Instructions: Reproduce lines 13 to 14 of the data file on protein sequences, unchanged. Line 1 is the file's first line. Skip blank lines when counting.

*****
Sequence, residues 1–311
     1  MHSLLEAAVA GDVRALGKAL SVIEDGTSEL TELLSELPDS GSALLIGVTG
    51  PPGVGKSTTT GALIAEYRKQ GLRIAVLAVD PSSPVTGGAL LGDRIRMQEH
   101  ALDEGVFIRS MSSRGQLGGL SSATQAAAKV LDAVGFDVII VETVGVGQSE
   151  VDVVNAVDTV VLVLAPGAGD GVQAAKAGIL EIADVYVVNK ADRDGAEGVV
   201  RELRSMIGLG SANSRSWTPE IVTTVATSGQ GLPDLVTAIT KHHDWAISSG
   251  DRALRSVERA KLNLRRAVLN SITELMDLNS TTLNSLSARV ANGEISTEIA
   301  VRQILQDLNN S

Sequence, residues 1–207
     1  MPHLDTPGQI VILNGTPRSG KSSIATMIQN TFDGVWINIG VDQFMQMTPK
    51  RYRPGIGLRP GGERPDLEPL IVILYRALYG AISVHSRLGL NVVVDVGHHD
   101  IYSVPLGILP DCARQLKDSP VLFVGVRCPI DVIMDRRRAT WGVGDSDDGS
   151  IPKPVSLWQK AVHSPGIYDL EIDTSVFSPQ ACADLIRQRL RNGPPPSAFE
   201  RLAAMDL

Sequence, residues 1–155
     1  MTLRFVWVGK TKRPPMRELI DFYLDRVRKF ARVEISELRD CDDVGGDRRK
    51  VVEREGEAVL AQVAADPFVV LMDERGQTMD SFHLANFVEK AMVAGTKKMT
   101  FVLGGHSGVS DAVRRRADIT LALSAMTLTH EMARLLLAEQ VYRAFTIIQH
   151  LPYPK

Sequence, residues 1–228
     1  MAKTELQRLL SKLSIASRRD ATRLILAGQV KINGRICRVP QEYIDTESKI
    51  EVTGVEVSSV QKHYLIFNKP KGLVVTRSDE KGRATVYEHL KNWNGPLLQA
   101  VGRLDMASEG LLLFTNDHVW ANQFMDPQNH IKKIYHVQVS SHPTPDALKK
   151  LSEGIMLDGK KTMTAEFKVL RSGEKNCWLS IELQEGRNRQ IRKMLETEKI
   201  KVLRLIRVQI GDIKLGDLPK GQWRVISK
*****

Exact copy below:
   151  IPKPVSLWQK AVHSPGIYDL EIDTSVFSPQ ACADLIRQRL RNGPPPSAFE
   201  RLAAMDL